To summarize the pathogenesis of PCOS, an intrinsic abnormality of thecal cell steroidogenesis resulting in ovarian hyperandrogenism is likely to be the central event in most cases. This steroidogenic abnormality which has been demonstrated in long-term thecal cell cultures is assumed to be present in the adrenal as well as the ovary. At least three factors have been identified which may contribute to the insulin resistance of PCOS. The first is hyperandrogenemia which may favor visceral fat distribution and in turn increase free fatty acid levels and lead to resistance to the metabolic effects of insulin especially in muscle tissue. Secondly an intrinsic resistance to insulin may also contribute to lipolysis in the adipocyte and increased free fatty acid levels. The third factor is restricted fetal growth, which may result in postmenarcheal insulin resistance. The hyperinsulinemia may synergize with both LH and ACTH to further increase both ovarian and adrenal hyperandrogenism (119,120). Increased intraovarian androgen levels increase the cohort of recruitable follicles resulting in polycystic ovaries. Anovulation is a result of the increased follicle cohort and increased sensitivity of the granulosa cell to FSH stimulation resulting in tonic estradiol and inhibin production. The increased sensitivity of the granulosa cell to FSH may be a result both of increased intraovarian androgen production and hyperinsulinemia. The elevated LH levels of PCOS are an epiphenomenon and result from lack of periodic progesterone production and androgen inhibition of the negative feedback effect of progesterone.

Treatment of Polycystic Ovary Syndrome

Prevention of Endometrial Cancer

Hyperandrogenic anovulatory women have normal estrogen levels and are constantly exposed to estrogen stimulation of endometrial proliferation. Without the periodic progesterone-induced inhibition of proliferation and differentiation to secretory endometrium that occurs after ovulation, they are at risk to develop endometrial hyperplasia and carcinoma. A threefold increased risk of endometrial cancer in anovulatory women has been reported (121). Increased serum levels of insulin are also associated with an increased risk of endometrial cancer (122). Although 5% or fewer of endometrial cancers occur in women under the age of 40, the majority of such women have PCOS (123).

It is critical that hyperandrogenic women undergo therapy to prevent endometrial hyperplasia or carcinoma. If a patient has been anovulatory for more than a year, an endometrial biopsy is recommended before instituting therapy (124). The oral contraceptive pill (OCP) is an excellent choice, as it both inhibits endometrial proliferation and reduces ovarian androgen production, thus ameliorating the consequences of hyperandrogenism. If a progestin is used alone, studies in postmenopausal women receiving estrogen suggest it should be give for 12-14 days every month to minimize the risk of endometrial hyperplasia (125,126). Insulin-sensitizing drugs may also decrease the risk of endometrial cancer in PCOS by lowering insulin levels and increasing the frequency of ovulation (122) (Diamanti-Kandarakis, JCEM 5/03). However, insulin-sensitizing agents do not uniformly induce ovulation in all PCOS subjects, and their ability to reduce the risk of endometrial hyperplasia or cancer has yet to be demonstrated.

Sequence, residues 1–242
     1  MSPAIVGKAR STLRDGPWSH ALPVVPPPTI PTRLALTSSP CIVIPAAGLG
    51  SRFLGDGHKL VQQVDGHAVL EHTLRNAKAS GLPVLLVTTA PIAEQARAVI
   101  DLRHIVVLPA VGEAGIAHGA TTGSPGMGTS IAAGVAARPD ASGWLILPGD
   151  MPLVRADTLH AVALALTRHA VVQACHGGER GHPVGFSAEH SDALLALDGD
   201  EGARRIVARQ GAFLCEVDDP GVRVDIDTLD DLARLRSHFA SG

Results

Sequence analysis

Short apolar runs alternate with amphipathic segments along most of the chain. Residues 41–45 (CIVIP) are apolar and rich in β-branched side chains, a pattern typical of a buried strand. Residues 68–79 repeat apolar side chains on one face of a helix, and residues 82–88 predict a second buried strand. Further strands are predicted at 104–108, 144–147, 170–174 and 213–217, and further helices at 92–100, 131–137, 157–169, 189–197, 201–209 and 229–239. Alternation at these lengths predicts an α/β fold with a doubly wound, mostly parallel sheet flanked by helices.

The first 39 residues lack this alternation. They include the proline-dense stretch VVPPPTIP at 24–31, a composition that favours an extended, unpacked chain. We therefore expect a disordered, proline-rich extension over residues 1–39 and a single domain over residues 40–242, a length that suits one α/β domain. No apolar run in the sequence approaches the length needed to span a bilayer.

Treatment of Hirsutism

Medical Therapy

The aim of medical therapy is to suppress androgen production, block androgen receptors or decrease the conversion of testosterone to dihydrotestosterone by inhibition of the enzyme 5-reductase.

Oral Contraceptive Pills - OCPs have commonly been used to treat patients with hirsutism and other signs of androgen excess. The progestational component of the OCP inhibits pituitary secretion of LH, which in turn decreases ovarian androgen production. Progestins also decrease adrenal DHAS production, possibly via a negative feedback loop through the glucocorticoid receptor (4,19). In addition, the estrogen component of oral contraceptive pills increases production of SHBG thus decreasing the amount of free testosterone available (86). All formulations of low dose (≤ 35g ethinyl estradiol) oral contraceptive pills available today, despite the touted differences in their progestational components, have low androgenic potential and are probably equally efficacious in treating acne and hirsutism (127). They are an excellent choice for patients with abnormal cycles and acne but used alone are not the most efficacious therapy for hirsutism (128,129).

Gonadotropin Releasing Hormone Agonists - Administration of a long-acting gonadotropin GnRHa such as leuprolide acetate suppresses ovarian androgen production by inhibiting pituitary gonadotropin secretion. This results in decreased levels of circulating testosterone and androstenedione with no effect on adrenal androgens (130-132). Several investigators have demonstrated clinical improvement of hirsutism especially in women with PCOS (ovarian hyperandrogenism) treated with GnRH agonists (130,133,134).

A prospective, randomized study by Azziz et al. revealed that treatment with leuprolide acetate and cyclic estrogen/progestin therapy resulted in a more complete and rapid improvement in hirsutism by subjective and objective measures compared to OCP use alone (128). This finding was supported by two other groups of investigators who found GnRHa to be superior to OCP use (129,135). A similar randomized prospective study by Carr et al. found no difference at three and six months in objective measures of hair growth in patients treated with GnRHa and OCP, GnRHa alone or OCP alone (136). However, they did find the greatest and most rapid suppression of circulating androgens at three months in the group that received GnRHa and OCP with fewer side effects than GnRH agonist alone.